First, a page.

U.K. Is The Only G7 Country To INCREASE Fossil Fuel Subsidies

Due to declining North Sea oil reserves, the U.K. government is giving more in subsidies. WTM/Shutterstock
Josh Davis 13 Nov 2015, 14:58

Despite pledges to cut fossil fuel subsidies, it turns out that G20 country governments, which includes some of the largest economies in the world, are still providing $452 billion (£297 billion) a year in subsidies for the production of oil, gas, and coal. Among this, it turns out that while the current U.K. government has made numerous promises to be the “greenest government ever,” it has actually cut subsidies for the renewable energy sector. On top of that, it has increased its support of coal, oil, and gas.

The report, published by the Overseas Development Institute and Oil Change International, details how in 2013 and 2014, the U.K. government provided just under $9 billion (£6 billion) in subsidies per year to fossil fuel companies operating within the country, most of which are foreign-owned. The majority of this was in the form of tax breaks to boost the declining North Sea oil production. In addition to this, it provided $5.6 billion (£3.7 billion) in subsidies to support fossil fuel production overseas. In contrast, renewable energy companies received just $5.3 billion (£3.5 billion) over the same period.

 

 

How the G20 countries are pushing us closer to disaster. Overseas Development Institute/YouTube

And it doesn’t end there. The conservative U.K. government has already announced earlier this year that it will increase this subsidy for fossil fuels by a further $2.6 billion (£1.7 billion) by 2020. This makes the U.K. the only G7 country that has increased its support of the industry. At the same time, while the subsidies for oil are increasing, it has also been announced that the subsidies for renewables will be cut, ending those given for new onshore wind farms and slashing those for solar.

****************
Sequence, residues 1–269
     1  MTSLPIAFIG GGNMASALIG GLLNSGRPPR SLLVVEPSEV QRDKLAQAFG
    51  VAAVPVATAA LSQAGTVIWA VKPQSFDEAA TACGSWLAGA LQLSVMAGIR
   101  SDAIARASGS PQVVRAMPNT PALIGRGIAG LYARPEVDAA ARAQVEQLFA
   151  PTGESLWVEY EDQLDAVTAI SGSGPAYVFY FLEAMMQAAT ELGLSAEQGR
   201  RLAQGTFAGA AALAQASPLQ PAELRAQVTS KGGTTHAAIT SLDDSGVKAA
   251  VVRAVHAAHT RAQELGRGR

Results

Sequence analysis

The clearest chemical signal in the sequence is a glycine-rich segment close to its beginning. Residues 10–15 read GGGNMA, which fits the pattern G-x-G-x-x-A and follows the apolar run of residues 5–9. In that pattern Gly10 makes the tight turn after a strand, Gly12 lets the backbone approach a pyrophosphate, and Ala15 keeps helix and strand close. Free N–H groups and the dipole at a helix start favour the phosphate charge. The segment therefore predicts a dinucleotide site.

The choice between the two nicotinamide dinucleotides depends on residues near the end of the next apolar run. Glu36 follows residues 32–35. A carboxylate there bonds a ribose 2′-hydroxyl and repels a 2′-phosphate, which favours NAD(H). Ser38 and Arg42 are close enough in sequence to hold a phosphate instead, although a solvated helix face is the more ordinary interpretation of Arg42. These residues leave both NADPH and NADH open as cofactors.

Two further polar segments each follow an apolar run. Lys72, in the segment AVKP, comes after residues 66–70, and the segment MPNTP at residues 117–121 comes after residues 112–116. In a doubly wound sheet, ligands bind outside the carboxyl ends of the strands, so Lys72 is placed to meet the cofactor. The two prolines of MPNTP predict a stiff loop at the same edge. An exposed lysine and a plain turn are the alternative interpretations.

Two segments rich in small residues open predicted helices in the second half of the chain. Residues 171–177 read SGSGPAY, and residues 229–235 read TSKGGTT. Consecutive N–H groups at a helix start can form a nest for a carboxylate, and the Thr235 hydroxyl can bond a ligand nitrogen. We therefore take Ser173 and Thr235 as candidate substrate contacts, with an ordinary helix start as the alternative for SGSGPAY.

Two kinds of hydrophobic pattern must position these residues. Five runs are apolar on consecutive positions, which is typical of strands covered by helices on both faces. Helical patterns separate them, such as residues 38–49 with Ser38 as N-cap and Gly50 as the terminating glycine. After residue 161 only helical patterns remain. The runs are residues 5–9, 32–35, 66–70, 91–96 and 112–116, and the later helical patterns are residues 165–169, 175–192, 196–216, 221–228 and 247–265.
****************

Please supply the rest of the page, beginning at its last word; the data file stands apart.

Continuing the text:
In 2014, the U.K. Prime Minister David Cameron even told a UN climate change conference that: “We need to give business the certainty it needs to invest in low carbon. That means fighting against the economically and environmentally perverse fossil‑fuel subsidies.” This new report is especially embarrassing for the British government in the lead up to the crunch climate talks in Paris at the end of this month.

The report, called “Empty Promises,” also details the financial support given by the other G20 countries to the fossil fuel industry. The total subsidies were found to be almost four times what the entire world provides in subsides to renewables, which comes in at about $121 billion (£79.5 billion). This comes on the heels of recent news about how global average temperatures are set to breech 1°C of warming since pre-industrial levels, despite the announcement that nearly half of all new power plants built in 2014 were for renewable energy. 

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